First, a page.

I pray: Give me a faithful heart, Likeness to Thee, That each departing day Henceforth may see Some work of love begun, Some deed of kindness done, Some wand’rer sought and won, Something for Thee.” Amen.

Matthew 25:1–13 (ESV)

The Parable of the Ten Virgins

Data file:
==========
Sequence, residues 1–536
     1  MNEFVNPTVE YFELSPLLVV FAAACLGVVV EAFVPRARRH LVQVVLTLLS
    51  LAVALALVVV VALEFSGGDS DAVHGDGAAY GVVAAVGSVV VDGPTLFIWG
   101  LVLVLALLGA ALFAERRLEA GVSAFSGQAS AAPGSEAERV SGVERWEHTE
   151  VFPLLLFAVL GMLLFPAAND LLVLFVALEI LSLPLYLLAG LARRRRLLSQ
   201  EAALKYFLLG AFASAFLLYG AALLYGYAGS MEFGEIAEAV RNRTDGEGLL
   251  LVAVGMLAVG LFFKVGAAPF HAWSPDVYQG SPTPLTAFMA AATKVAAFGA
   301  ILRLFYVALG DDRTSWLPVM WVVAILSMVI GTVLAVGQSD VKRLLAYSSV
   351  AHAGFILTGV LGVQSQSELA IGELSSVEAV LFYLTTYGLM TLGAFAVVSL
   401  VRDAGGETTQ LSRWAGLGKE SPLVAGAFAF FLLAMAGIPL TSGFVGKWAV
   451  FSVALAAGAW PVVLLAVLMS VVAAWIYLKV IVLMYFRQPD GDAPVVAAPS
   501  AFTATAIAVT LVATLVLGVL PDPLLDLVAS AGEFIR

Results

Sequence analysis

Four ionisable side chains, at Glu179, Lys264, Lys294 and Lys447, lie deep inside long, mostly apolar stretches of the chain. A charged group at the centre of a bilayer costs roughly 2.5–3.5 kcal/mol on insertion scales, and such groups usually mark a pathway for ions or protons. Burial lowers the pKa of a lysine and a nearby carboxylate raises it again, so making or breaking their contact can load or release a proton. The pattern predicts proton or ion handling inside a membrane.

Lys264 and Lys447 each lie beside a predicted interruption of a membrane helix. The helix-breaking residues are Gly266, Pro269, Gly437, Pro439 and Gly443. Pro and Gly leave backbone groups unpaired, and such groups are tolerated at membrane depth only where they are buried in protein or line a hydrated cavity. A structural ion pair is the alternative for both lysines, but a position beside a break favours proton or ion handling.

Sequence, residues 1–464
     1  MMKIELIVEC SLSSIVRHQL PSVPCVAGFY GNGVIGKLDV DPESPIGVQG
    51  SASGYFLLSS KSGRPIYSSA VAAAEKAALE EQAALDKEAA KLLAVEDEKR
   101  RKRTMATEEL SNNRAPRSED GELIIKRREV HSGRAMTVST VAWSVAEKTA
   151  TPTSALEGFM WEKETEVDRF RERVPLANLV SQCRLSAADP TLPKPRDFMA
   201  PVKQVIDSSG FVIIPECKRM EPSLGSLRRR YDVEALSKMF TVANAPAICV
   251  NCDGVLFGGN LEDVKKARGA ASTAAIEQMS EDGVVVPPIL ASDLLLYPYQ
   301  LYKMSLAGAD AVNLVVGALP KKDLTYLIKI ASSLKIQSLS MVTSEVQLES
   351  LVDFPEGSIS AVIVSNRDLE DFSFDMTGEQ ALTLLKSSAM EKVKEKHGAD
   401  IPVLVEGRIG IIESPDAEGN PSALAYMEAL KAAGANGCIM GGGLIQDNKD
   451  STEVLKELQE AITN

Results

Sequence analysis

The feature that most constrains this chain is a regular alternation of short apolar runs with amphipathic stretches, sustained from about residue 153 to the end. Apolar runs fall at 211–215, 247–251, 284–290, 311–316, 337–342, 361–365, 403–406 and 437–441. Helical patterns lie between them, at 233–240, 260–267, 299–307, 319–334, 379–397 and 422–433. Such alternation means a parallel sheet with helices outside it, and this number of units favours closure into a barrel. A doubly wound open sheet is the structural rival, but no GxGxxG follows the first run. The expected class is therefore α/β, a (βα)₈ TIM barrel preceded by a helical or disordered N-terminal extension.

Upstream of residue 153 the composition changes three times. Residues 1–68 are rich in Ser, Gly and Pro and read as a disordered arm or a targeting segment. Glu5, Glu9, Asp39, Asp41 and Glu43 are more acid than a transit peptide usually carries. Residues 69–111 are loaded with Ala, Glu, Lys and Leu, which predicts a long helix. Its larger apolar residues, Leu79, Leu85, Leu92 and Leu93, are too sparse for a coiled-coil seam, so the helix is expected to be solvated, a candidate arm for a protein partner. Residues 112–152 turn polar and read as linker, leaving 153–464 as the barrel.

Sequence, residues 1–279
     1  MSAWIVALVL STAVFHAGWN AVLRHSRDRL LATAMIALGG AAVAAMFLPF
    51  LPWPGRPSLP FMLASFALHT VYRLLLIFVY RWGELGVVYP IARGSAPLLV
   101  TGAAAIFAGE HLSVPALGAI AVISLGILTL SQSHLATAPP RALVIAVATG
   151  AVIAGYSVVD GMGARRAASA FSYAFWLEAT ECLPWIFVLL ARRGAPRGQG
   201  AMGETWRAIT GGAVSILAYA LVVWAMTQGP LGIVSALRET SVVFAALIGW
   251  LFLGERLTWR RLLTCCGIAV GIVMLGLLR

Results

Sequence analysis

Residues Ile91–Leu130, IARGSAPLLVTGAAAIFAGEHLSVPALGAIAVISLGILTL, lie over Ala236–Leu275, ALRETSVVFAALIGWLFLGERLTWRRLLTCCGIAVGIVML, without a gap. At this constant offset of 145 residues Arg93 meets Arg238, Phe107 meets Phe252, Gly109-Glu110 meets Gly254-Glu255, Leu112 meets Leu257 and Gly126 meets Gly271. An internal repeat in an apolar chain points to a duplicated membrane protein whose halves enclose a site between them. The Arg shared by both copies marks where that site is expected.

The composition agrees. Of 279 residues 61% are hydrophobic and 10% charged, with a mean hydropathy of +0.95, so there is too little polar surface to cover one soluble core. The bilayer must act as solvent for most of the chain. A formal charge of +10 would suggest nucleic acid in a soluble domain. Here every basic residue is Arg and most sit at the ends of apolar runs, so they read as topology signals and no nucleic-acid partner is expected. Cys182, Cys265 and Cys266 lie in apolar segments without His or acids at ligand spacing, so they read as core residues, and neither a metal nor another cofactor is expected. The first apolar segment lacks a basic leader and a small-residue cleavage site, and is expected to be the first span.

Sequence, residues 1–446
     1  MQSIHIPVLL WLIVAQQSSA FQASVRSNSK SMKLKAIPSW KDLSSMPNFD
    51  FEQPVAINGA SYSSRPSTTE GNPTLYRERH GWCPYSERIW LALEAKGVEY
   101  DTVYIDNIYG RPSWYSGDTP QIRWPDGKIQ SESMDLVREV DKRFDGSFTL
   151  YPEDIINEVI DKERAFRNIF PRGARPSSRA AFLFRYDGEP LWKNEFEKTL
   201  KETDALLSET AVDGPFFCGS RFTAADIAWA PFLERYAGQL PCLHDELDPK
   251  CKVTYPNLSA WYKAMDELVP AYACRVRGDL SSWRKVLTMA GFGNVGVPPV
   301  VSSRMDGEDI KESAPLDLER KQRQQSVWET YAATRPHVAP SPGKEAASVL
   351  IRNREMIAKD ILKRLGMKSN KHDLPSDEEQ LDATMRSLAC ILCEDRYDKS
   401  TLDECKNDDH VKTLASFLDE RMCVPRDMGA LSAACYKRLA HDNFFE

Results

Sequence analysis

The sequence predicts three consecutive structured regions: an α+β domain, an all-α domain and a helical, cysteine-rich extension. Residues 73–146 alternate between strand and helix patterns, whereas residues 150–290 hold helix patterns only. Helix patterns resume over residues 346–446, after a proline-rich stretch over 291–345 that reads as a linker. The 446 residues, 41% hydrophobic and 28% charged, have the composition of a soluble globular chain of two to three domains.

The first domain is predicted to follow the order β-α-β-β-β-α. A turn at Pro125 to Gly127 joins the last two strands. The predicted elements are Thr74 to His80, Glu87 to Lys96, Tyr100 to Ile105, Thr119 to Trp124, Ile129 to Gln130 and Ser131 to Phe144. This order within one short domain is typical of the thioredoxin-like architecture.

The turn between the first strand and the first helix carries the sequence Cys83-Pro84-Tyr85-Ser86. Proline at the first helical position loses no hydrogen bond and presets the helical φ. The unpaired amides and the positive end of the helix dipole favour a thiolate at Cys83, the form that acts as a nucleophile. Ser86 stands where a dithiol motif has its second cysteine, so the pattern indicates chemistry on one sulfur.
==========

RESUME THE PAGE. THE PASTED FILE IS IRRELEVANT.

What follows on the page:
25 “Then the kingdom of heaven will be like ten virgins who took their lamps and went to meet the bridegroom. Five of them were foolish, and five were wise. For when the foolish took their lamps, they took no oil with them, but the wise took flasks of oil with their lamps. As the bridegroom was delayed, they all became drowsy and slept. But at midnight there was a cry, ‘Here is the bridegroom! Come out to meet him.’ Then all those virgins rose and trimmed their lamps. And the foolish said to the wise, ‘Give us some of your oil, for our lamps are going out.’ But the wise answered, saying, ‘Since there will not be enough for us and for you, go rather to the dealers and buy for yourselves.’ 10 And while they were going to buy, the bridegroom came, and those who were ready went in with him to the marriage feast, and the door was shut. 11 Afterward the other virgins came also, saying, ‘Lord, lord, open to us.’ 12 But he answered, ‘Truly, I say to you, I do not know you.’ 13 Watch therefore, for you know neither the day nor the hour.